The New York Times has a reasonably fair piece about microstamping, a technology that could help law enforcement trace guns. New York is considering requiring gun manufacturers to use the technology, which basically turns a gun’s firing mechanism into a stamp: Every shell casing fired is marked with a code that traces back to the gun. The NRA and other gun groups oppose it.
Microstamping would be helpful to police, who often find shell casings but no gun at a crime scene. It would be valuable to know what gun those shell casings came from, and to whom that gun was originally sold. But microstamping wouldn’t be that helpful. For starters, many microstamped shell casings (up to half, depending on whose numbers you believe) are illegible. If a microstamping law passed, career criminals would presumably be sure to carry guns that were made before it — or that came from a state that does not require microstamping, or that had been stolen and thus could be traced only to their original owners. Revolvers do not eject shell casings. There may be ways to circumvent the technology with basic tools. And so on.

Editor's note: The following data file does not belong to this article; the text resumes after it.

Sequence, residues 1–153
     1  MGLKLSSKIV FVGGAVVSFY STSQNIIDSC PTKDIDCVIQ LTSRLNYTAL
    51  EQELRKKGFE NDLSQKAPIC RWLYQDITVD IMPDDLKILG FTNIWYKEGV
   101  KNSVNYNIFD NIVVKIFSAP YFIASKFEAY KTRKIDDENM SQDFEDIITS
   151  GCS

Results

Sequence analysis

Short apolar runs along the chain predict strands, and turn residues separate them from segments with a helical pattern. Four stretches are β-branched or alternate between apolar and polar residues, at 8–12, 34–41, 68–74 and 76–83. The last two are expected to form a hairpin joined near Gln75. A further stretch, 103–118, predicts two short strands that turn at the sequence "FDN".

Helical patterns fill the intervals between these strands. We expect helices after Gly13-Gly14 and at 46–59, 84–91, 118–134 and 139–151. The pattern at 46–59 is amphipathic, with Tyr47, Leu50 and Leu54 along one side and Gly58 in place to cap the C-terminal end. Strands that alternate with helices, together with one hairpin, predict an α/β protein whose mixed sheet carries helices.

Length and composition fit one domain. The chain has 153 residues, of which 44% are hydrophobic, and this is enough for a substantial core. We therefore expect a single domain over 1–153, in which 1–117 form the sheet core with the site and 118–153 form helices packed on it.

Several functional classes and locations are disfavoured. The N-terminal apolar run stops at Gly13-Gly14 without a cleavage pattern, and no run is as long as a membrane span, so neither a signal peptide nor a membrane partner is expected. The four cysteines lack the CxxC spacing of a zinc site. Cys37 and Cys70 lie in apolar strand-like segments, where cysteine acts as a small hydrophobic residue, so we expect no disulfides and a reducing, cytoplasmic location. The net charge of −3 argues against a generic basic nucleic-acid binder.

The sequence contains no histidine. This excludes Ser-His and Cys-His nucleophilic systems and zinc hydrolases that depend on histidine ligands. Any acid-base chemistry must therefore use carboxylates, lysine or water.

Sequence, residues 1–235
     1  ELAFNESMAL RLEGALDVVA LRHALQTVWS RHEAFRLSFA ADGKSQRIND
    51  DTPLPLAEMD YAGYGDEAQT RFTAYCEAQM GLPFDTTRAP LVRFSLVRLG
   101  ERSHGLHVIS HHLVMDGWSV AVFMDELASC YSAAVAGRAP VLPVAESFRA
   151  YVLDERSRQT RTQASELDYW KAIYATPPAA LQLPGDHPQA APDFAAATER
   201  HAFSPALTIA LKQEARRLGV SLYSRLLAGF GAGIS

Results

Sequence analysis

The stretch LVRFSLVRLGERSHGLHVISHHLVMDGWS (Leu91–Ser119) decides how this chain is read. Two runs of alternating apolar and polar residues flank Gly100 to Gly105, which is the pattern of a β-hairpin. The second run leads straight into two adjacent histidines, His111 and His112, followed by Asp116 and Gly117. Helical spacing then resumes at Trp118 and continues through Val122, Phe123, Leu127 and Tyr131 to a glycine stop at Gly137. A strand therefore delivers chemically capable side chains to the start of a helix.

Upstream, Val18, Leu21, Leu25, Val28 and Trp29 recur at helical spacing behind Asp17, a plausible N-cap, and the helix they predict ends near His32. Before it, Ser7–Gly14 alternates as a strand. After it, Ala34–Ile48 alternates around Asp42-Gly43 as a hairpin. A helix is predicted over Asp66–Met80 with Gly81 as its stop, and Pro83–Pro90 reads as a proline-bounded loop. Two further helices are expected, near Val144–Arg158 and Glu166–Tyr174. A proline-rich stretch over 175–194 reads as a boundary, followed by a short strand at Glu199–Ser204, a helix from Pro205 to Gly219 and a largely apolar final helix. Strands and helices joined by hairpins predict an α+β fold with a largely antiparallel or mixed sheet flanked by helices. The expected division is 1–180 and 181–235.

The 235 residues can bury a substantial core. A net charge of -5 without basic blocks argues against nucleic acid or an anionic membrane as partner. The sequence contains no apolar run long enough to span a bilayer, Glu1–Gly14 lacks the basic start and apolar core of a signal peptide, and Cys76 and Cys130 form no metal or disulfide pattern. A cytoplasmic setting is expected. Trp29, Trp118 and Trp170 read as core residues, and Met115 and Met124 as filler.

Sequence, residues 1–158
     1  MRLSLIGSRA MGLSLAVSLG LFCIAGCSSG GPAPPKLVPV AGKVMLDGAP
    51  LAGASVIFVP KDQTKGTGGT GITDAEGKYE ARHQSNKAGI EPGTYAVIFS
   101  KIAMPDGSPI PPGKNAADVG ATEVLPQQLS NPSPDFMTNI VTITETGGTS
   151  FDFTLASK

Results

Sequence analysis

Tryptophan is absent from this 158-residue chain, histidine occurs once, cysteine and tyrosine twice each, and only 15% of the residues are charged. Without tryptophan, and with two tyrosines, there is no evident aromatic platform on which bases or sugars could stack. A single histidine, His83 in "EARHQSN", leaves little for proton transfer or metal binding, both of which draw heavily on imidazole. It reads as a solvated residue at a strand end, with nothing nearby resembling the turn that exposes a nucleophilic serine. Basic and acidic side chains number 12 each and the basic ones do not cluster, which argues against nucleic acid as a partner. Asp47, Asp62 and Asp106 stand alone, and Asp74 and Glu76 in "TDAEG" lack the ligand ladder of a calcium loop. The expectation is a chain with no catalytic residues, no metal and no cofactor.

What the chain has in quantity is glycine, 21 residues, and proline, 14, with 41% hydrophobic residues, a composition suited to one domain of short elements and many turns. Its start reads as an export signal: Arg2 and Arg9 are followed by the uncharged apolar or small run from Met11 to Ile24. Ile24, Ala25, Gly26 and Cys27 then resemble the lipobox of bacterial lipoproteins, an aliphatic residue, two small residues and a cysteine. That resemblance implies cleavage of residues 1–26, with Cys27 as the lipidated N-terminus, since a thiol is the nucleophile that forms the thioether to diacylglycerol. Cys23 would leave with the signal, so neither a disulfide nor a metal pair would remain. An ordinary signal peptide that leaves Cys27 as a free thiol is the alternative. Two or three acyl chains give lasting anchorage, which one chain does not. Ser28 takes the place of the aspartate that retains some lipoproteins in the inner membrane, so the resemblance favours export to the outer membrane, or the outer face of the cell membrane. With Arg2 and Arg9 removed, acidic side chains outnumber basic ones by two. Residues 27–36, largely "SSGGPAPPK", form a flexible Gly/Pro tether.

Is this a good tradeoff — a technology that could help solve some crimes, in exchange for a tiny restriction on gun-owners’ freedom and an implementation cost? Well, it depends in large part on the implementation cost. Between the Times article and my other reading on the subject, I’ve seen estimates that range from 50 cents to $12 to over $200 per gun. Remington claims it would need “astronomical sums of money . . . to completely reconfigure our manufacturing and assembly processes.”
The problem with New York’s legislation, in my view, is that it forces the costs of microstamping on law-abiding gun manufacturers, who pass them on to their overwhelmingly law-abiding customers. If the state government thinks the benefits of microstamping are worth the costs, it should be willing to ask taxpayers to bear the costs.